The Register-Herald, Beckley, West Virginia


March 1, 2014

Taking care of your identity

Editor’s note: This column by the late Bev Davis originally was published April 22, 2006.

A restaurant server’s mistake taught a friend and me a valuable lesson. Always check your bank card after you use it.

When my friend and I paid for our food, we used identical debit cards. The server inadvertently switched them when she brought the receipts back to the table.

Engaged in deep conversation, neither of us noticed.

The next morning I tried to use “my” card as a debit. The PIN kept coming up invalid. Suddenly, I saw my friend’s signature on the back of the card and realized what had happened. I also saw the skeptical look on the clerk’s face as I wrote out a check for my purchase and explained why I had someone else’s card.

By the time I called my friend, she had already used my card twice. She brought in the receipts, wrote me a check for what she had spent and we were both thankful we’re honest people.

She will now have to get a new card because my PIN messed hers up. Because she used mine as a credit card, I’ve had no problem with mine. However, the fact that my name was clearly printed on both receipts with her signature above it escaped notice at two different places.

I know store clerks have a lot to think about, but I would urge any of you reading this column to take that second look and make sure the signature matches the cardholder’s name. If there’s any question in your mind at all, ask for an ID. If the card holder gets huffy, remind them you’re protecting their best interests.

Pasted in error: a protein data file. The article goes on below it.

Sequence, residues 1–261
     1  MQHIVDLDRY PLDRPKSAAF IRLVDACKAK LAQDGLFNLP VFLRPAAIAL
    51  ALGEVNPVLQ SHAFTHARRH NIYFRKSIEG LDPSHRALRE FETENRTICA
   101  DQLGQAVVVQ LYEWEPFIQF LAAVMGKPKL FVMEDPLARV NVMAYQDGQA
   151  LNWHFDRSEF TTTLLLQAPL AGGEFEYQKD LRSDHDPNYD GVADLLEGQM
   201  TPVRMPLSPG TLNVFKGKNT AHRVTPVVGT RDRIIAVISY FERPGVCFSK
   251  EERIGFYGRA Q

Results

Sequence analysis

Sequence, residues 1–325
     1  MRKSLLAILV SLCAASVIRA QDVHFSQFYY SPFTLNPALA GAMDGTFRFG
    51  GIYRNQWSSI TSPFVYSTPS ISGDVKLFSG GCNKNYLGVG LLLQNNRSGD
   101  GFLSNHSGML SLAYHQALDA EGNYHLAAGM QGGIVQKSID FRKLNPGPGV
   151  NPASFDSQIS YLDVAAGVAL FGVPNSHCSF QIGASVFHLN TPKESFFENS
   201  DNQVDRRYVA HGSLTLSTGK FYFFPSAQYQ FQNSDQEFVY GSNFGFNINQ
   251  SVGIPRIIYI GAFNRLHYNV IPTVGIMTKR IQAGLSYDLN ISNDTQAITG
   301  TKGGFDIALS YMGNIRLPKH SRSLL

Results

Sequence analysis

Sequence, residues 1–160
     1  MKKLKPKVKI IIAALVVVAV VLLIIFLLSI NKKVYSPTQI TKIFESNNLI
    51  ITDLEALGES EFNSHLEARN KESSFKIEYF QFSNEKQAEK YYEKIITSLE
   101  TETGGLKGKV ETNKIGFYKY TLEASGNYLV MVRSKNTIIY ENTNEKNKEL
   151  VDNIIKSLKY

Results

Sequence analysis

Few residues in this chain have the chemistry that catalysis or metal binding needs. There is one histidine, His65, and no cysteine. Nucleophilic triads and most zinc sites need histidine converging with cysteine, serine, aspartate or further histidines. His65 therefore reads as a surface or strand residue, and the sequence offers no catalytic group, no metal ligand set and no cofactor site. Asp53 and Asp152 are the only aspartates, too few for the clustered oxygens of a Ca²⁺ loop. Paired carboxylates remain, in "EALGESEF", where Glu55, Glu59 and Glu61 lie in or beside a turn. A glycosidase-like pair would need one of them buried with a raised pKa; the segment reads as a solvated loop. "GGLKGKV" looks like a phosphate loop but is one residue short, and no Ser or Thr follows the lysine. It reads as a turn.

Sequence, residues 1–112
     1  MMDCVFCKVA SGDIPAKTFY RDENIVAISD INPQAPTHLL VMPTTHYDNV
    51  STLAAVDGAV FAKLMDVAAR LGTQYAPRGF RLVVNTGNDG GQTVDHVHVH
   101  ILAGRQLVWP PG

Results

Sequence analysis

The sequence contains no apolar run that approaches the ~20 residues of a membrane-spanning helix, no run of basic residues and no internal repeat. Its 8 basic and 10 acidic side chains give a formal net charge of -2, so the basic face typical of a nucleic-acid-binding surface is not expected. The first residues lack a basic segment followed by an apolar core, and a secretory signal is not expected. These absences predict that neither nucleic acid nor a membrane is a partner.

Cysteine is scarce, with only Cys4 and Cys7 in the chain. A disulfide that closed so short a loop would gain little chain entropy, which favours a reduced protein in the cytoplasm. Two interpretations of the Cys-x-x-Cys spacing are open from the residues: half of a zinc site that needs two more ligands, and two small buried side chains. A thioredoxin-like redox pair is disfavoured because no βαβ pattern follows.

It should also remind all of us to take a second look at our card any time it’s handed back to us. It’s our responsibility to check that. Had my friend not been such an honest woman, I could be in serious debt right now.

This mini-crisis, however, taught me more than a lesson about debit card responsibility.

It made me think about identity theft in a spiritual sense.

There are many things that can come along in this life and steal our spiritual identity. Guilt, shame, criticism by others, demands on our time, pride, perfectionism ... the list could go on endlessly.

We can lose our identity to labels thrust upon us by others — underachiever, overachiever, workaholic, liar, thief, traitor, hypocrite and the like.

Our identity can disappear into self-righteousness, an exaggerated sense of our own importance or an unbalanced need to be well thought of by others.

For me, keeping my true identity involves spending daily time in God’s Word and in prayer to Him. Only He knows who He has created me to be. Only His Spirit can balance all the roles, responsibilities and labels that come at me every day.

It’s not because of who I am, but because of who He is, that defines my true identity. Constant contact with Him ensures the signature will match the card holder’s name on the bank card of my faith.

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